Last year, New York City killed some 35,000 animals in its shelter system-that’s about 100 dogs and cats given a fatal shot of sodium pentobarbitol each day. This year, according to Edward Boks, the new executive director of the renamed N.Y.C. Animal Care and Control, “the numbers will come down.” In five years, Mr. Boks vows, the city will end the practice of “euthanizing adoptable pets.”
This ambitious policy shift marks a radical regime change in the city’s animal-shelter system, long a tragically mismanaged corner of City Hall bureaucracy. When Mr. Boks begins his full-time position on Jan. 12, he will take over an organization formerly known as the Center for Animal Care and Control, or “Animal Control” for short, that was perceived as a city agency but is in fact a nonprofit only loosely tended to by the city. Yet before Mr. Boks was hired, the organization did little fund-raising, content to starve itself on the city’s minimal funding, forcing tens of thousands of animals to await their almost certain death in horrific conditions in its five shelters, while the public assumed that it was a city-run agency.
Now, for the first time, the organization will fulfill its mandate as a tax-exempt nonprofit, which means Animal Care is entering the sharky waters of the city’s nonprofit world. Ahead are fierce battles-for dollars from the city’s wealthy and famous, and for media attention to keep the animals’ plight in the public consciousness. Already, the organization has begun a media blitz that has placed Mr. Boks’ smiling, kindly visage, along with various photogenic shelter doggies, in The Times and the Post , where this week he plugged a campaign to rename pit bulls “New Yorkies.” A public-relations agency, TJ Public Relations, has been hired to manage the media image-a move that, like everything else having to do with animal welfare in the city, experts say should have come years ago.
Indeed, for a feline- and canine-filled city in which organic dog biscuits are sold in West Village boutiques and Burberry doggie sweaters are de rigueur in certain circles, New York has had one of the worst animal-welfare systems in the country.
Mr. Boks, a hale, 52-year-old, silver-haired former minister, brings a stellar track record to his new role. In Arizona, as the director of Maricopa County’s Animal Care and Control program based in Phoenix, he turned the county with the highest pet-euthanasia rate in the country into the one with the lowest rate in just five years.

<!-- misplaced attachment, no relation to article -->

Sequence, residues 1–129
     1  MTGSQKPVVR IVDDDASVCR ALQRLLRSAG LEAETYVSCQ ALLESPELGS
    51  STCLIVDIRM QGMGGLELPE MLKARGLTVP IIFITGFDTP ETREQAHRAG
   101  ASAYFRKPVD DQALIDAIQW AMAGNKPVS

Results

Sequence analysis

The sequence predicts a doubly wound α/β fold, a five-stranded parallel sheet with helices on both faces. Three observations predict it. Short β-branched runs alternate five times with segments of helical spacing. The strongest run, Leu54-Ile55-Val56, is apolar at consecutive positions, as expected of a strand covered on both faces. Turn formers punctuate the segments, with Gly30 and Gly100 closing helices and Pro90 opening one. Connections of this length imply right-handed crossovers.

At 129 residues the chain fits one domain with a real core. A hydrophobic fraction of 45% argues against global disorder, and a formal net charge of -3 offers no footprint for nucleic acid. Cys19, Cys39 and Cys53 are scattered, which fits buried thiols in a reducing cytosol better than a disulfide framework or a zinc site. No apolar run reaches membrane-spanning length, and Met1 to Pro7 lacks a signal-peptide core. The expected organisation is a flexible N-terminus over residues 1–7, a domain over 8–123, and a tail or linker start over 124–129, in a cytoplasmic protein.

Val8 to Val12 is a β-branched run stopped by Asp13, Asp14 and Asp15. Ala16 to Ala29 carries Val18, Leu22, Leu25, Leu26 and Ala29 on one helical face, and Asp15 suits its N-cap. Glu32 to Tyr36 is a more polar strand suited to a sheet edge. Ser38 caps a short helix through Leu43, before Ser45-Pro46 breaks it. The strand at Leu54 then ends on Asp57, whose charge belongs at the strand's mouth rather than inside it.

“The biggest problem I face is that there is a perception that our organization is a city agency and part of the Public Health Department. That’s simply not true,” Mr. Boks said on a recent Wednesday as he sat in his office at 11 Park Place, a few blocks from City Hall. Wearing a gray polo shirt and khakis, Mr. Boks spoke in quiet, deliberate sentences. He has the calming, confident demeanor of a popular high-school civics teacher. “We are a charitable organization with huge problems and huge needs,” he continued. “There is a perception that we are underlings of the city government. And we need to-if we are going to turn this situation around-start acting like a true nonprofit with real fund-raising.”
On Nov. 9, Mr. Boks launched Animal Care’s new era of fund-raising at a black-tie event held at the Donna Karan boutique on Madison Avenue, where 200 guests-including Bernadette Peters, Mary Tyler Moore and Harvey Fierstein-mingled among the satin gowns and raised more than $30,000 for Animal Care. That’s chump change, considering that some experts say $20 million will be needed to bring things fully up to date, and yet it was the largest fund-raiser in the organization’s eight-year history.
In terms of spreading the word, though, the evening was a success. “To have Ed Boks at the head of Animal Care, a man who really cares about the animals, we’re going from a terrible situation to having someone who can get a handle on this crisis,” Ms. Peters said. “People just aren’t aware that we have thousands of shelter animals waiting for adoption. Animal Care needs to do more fund-raisers. The city has only so much to give.”
Soon after that evening, on Nov. 22, Mr. Boks held the first of two sold-out volunteer orientations.